REFERENCES

Marx, K. “Formy, predshestvuiushchie kapitalisticheskomu proizvodstvu.” In K. Marx and F. Engels, Soch., 2nd ed., vol. 46, part 1.
Engels, F. “Proiskhozhdenie sem’i, chastnoi sobstvennosti i gosudarstva.” Ibid., vol. 21.
Lenin, V. I. “O gosudarstve.” In Poln. sobr. soch., 5th ed., vol. 39.
Tiumenev, A. I. Istoriia antichnykh rabovladel’cheskikh obshchestv. Moscow-Leningrad, 1935.
Utchenko, S. L. Krizis polisa i politicheskie vozzreniia rimskikh stoikov. Moscow, 1955.
Utchenko, S. L. Krizis i padenie Rimskoi Respubliki. Moscow, 1965.
Kolobova, K. M. Vozniknovenie i razvitie rabovladel’cheskikh polisov v Gretsii. Leningrad, 1956.
Kudriavtsev, O. V. Issledovaniia po istorii Balkano-Dunaiskikh oblastei v period Rimskoi imperii i stat’ipo obshchim problemam drevnei istorii. Moscow, 1957.
Blavatskii, V. D. Antichnyi gorod. Moscow, 1963.
Dovatur, A. I. Politika i Politii Aristotelia. Moscow-Leningrad, 1965.
Fustel de Coulanges. Drevniaia grazhdanskaia obshchina, 2nd ed. Moscow, 1903. (Translated from French.)
Clotz, G. La Cité grecque. Paris, 1928.
Francotte, H. La Polis grecque. Paderborn, 1907.
Hasebroek, J. Staat und Handel im alten Griechenland. Tübingen, 1928.
Rostovzeff, M. The Social and Economic History of the Hellenistic World, vols. 1–3. Oxford, 1941.
Freeman, K. Greek City-States. London [1950].

L. N. KAZAMANOVA

References in periodicals archive ?
The subtitle, 'Local history and the polis', looks a little like a misnomer--engagement with local polis history is delayed until Chapter 6, and thereafter is sometimes left aside while Clarke pursues some related notion that she thinks deserves coverage.
One possible reason that activity and foraging behavior does not change with precipitation (and prey availability) is the threat of predation including cannibalism by adults on juveniles (see Polis 1980a, 1980b).
La polis es el "lugar" primordial de su existir con otros, entre y por otros, el arte --las obras- el "lugar" privilegiado de su decir-se, de su "manifestacion".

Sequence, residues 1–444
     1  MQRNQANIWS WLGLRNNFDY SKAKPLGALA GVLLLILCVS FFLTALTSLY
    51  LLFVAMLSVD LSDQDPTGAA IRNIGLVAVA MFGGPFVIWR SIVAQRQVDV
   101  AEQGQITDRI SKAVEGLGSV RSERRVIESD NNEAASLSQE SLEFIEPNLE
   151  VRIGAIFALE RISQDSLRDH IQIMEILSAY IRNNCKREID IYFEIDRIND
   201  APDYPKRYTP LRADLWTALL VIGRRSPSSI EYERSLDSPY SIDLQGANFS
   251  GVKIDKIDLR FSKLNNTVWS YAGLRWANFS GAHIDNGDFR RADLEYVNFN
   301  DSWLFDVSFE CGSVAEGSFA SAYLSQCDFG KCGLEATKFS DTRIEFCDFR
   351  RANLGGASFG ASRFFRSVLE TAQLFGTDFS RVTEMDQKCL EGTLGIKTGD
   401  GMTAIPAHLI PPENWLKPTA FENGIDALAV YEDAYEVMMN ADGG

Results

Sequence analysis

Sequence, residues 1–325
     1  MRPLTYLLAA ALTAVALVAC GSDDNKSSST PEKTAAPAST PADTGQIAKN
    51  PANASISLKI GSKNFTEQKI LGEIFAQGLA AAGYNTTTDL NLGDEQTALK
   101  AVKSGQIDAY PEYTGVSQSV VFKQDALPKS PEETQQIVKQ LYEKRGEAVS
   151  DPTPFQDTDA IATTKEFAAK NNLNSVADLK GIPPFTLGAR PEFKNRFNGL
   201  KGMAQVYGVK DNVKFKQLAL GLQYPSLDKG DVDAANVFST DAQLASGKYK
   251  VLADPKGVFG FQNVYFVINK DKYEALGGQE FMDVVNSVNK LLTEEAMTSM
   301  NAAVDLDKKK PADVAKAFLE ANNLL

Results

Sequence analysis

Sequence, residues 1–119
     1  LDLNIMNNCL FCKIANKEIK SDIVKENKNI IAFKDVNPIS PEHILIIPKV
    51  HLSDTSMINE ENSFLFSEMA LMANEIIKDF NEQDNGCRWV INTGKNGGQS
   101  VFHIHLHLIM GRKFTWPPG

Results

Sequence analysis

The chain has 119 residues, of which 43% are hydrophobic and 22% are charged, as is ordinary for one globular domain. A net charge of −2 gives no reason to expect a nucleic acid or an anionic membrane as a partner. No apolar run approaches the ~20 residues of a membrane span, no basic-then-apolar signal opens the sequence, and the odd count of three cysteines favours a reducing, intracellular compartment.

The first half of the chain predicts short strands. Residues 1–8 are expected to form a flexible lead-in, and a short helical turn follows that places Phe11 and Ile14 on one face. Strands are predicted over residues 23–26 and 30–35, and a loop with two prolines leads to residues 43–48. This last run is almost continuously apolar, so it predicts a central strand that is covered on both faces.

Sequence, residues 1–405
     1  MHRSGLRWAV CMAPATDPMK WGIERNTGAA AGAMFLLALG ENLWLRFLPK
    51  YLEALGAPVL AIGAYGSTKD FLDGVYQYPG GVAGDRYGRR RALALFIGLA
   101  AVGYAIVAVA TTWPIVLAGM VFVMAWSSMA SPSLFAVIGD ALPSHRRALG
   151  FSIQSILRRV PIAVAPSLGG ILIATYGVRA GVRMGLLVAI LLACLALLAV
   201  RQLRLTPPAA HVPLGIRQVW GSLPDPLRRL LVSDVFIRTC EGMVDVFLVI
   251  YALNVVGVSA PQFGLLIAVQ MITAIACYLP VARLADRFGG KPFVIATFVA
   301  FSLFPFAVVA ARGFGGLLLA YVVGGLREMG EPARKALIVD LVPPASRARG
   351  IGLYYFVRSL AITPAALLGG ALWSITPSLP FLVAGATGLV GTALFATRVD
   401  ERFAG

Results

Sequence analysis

It comes as no surprise, therefore, that the Odyssey closes and Odysseus's re-settlement and re-constitution of the Ithakan polis is at once commenced and completed in the garden.
What Odysseus's polis at home in Ithaka should not strive to emulate is fairly plain.
It really hurts," says Polis of the bark scorpion's sting, which he has experienced twice.
These islands are within 20 km of the Baja California peninsula and lie in a productive region of the Gulf characterized by year-round upwelling due to tidal mixing and winds (Maluf 1983, Polis and Hurd 1996a).
Yet while Plato believed that the sea as such had negative effects on the polis Aristotle's argument is more complex.
That is, the polis is understood as being grounded in a sharing through which the diverse citizens assist each other in meeting their needs.
Second, Patterson appears to ignore an objective political element capable of serving as a guide and component in the Greek concept and ideal of freedom, and that is the idea that the polis itself served as a powerful communal model for a developing sense of private or individual freedom: I refer to the ideal state of absolute 'political' independence, of identity, with the indelible marks of autarcheia and autarkeia, sovereignty and self-sufficiency, that were supposed to underpin and define the city-state.
Caucomgomoc , the lake; caucomgomoc-took , the river, Polis.
Two women, 28 and 36, were arrested after being caught stealing produce from a farm in Argaka, Polis police said reported on Saturday morning.